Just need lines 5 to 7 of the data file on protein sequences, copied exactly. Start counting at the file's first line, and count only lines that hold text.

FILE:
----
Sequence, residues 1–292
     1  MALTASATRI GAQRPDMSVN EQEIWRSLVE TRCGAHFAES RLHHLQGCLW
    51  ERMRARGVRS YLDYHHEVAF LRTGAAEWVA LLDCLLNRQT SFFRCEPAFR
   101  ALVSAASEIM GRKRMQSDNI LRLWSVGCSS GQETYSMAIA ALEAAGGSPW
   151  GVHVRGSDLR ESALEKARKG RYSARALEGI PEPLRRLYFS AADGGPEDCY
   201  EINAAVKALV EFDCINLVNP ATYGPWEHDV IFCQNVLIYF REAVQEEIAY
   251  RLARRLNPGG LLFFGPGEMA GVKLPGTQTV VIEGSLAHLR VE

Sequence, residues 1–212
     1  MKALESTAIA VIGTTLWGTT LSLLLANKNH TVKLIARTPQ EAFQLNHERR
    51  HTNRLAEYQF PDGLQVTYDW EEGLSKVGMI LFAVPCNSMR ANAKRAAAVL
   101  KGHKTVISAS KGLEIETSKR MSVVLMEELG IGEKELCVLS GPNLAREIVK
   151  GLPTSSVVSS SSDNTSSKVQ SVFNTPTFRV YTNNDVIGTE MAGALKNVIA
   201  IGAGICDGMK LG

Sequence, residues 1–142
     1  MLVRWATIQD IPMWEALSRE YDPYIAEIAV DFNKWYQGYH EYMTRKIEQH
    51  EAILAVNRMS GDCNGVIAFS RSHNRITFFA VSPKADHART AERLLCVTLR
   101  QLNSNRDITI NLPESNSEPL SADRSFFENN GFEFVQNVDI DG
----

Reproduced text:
   151  GVHVRGSDLR ESALEKARKG RYSARALEGI PEPLRRLYFS AADGGPEDCY
   201  EINAAVKALV EFDCINLVNP ATYGPWEHDV IFCQNVLIYF REAVQEEIAY
   251  RLARRLNPGG LLFFGPGEMA GVKLPGTQTV VIEGSLAHLR VE